A Custom Home

So you think, how about a custom home? Let's do this right and get what we want. Now what?

Well first things first. Give me a call. 

I am here to make the process easy and fun for you and answer any questions you have. Even as you are just wondering.

But for starters let me list some basics about the process. And a few truths I shouldn't share. And just so that I won't loose you while I am telling you how it is, here are a few pictures to wet your whistle. This could be yours:

(This is a 1,885 sf custom home laid out around a courtyard we designed and built in Harrisburg, NC, for a family of 4.)

(This is a 1,885 sf custom home laid out around a courtyard we designed and built in Harrisburg, NC, for a family of 4.)

(This modern home in the University Area counted 3,472 sf and included a separate studio apartment. A custom design and build for an elderly, partly handicapped, couple with a live-in son.)

(This modern home in the University Area counted 3,472 sf and included a separate studio apartment. A custom design and build for an elderly, partly handicapped, couple with a live-in son.)

How to get there? Well here it goes:



This is the best part. Here we conceive your future home together. You and I. To start out, I'll take you by your hand, listen, and go through all the dreams and wishes you have and those you were not aware of. This includes aesthetics, rooms, materials, details, colors, size, budget, cost, and time. We look at other designs, talk about your lifestyle and activities, consider changes your life might bring, the things you want and those you don't. We also talk about the actual property this home will have to work with, about sunlight, topography, privacy, and views. We also talk about structure, construction methods, and energy efficieny. Everything goes on the table so that we know what this house has to respond to and accommodate. 

Once we understand your needs fully, I start the design process with simple napkin sketches, figuring out the functions, size, and rough look. We'll look at it together and make changes and then move on to a schematic design. This will provide you with full floorplans and one or two elevations. That's when the house will start to come into focus. This, too we look at together, discuss and make changes to.

Next I close my door a titch and go through a design development phase, where the structure, heating/cooling and plumbing systems are worked out. Wall sections, every elevation, every detail will be considered and drawn up. It'll cause for some changes and for the quality of the design to be sharpened. As I look at every corner, I'll adjust and make changes. At the end of this marry-go-around your house will be fully designed. We again evaluate it together and make adjustments as needed.

At this point I can throw in a full cost analysis of the construction cost, but more about that later.

At last I lock my door and throw away the key. I get down and dirty and turn all of this into a set of construction drawings, looked over and sealed by a structural engineer. This is a tool to communicate to banks, trades, and city officials. As we have discovered the intricacies of your home, I'll have to figure out how to communicate them to everyone clearly and put them at ease. So that the house get's built the way we imagined it.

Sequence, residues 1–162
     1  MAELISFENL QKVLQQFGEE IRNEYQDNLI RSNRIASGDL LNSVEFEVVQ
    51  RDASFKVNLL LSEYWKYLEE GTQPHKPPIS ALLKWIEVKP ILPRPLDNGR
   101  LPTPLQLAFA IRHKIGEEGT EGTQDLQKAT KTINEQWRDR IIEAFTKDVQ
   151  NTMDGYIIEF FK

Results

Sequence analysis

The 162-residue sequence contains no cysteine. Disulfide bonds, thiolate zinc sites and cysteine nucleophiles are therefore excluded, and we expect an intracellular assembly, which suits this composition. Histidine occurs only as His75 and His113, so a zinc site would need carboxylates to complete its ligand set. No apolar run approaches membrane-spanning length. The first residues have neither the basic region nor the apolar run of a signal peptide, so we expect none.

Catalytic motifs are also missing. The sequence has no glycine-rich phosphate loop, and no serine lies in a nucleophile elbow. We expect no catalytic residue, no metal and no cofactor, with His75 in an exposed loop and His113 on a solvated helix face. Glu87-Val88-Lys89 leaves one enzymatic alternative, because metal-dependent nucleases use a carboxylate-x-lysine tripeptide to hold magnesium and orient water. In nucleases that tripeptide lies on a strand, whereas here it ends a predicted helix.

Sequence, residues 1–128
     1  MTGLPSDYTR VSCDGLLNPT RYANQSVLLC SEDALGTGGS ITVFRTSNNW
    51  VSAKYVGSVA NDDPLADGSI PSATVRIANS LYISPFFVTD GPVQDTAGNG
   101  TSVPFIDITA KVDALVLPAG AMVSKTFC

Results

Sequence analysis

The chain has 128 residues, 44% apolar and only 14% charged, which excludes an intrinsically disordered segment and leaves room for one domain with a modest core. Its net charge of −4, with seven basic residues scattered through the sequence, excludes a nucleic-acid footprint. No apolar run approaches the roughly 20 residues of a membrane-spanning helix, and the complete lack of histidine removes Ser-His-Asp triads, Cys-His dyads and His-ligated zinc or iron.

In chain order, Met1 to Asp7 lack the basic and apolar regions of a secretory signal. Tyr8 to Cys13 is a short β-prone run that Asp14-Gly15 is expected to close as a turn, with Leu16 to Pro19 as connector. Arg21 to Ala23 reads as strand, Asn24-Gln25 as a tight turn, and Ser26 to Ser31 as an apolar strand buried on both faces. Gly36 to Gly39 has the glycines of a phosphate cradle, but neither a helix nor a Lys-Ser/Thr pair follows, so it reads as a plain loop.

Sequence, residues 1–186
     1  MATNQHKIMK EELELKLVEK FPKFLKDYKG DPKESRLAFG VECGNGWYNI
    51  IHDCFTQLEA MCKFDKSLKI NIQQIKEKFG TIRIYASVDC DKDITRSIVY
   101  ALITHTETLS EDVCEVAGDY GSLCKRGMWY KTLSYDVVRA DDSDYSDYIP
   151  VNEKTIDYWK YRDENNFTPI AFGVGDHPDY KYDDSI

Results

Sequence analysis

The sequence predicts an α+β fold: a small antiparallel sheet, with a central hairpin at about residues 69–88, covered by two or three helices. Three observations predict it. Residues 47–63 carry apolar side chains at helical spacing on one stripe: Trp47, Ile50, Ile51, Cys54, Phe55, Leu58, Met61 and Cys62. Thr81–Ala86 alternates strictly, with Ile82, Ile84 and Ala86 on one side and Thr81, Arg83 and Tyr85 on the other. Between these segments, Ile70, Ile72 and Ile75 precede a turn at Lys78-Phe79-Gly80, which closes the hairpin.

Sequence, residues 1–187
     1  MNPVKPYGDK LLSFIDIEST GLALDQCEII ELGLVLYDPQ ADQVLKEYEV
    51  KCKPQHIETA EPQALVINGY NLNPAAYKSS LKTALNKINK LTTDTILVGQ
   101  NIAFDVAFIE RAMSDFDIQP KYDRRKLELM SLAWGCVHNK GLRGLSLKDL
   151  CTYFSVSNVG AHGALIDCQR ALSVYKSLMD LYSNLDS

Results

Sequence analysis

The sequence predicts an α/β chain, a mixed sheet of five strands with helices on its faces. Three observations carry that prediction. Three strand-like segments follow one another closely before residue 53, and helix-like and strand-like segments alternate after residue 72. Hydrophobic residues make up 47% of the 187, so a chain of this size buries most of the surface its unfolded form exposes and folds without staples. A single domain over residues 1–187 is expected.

At the outset of this entire design process, I provide you with a proposal and full contract that spells out all the steps, drawings, fees, and payment schedule. 



While the construction drawings will allow any builder to put your house together, I can also offer to build it as well. Looking at a design holistically, from the first line on the paper to the last paint drop drying, allows me to truly craft this home into its full potential. Understanding cost and construction skills and being able to respond to them during the design, will also allow us to tighten up the budget and give you every bang for the buck.

It all starts with a full construction cost estimate, which as mentioned, we can include during the design phase. If we do it early we can adjust the design to our findings.

As a GC I secure building permits and facilitate the county's plan review, plan the construction schedule, employ and mange subcontractors, research, order, and purchase materials, insure the building code is met and inspectors satisfied, finance each portion of the construction until bank payments come in, supervise all work being done to ensure quality and adherence to the plans, solve ad hoc head scratchers, and make sure things are getting done. 

During the construction it is also part of my tasks to communicate well to you. I have to make sure to share with you every fixture, appliance and finish that are chosen and allow you to make changes as you see fit.

As I provide a warranty for your home, I will let you pick form a pre-selected list of vendors and manufacturers to insure prompt delivery, exchanges, and timely repairs.

We look at the final color selection together, as well as flooring, tile, and cabinet selections. To ensure a smooth construction and allow for good decisions, I will communicate the timeline and deadlines to you ahead of time.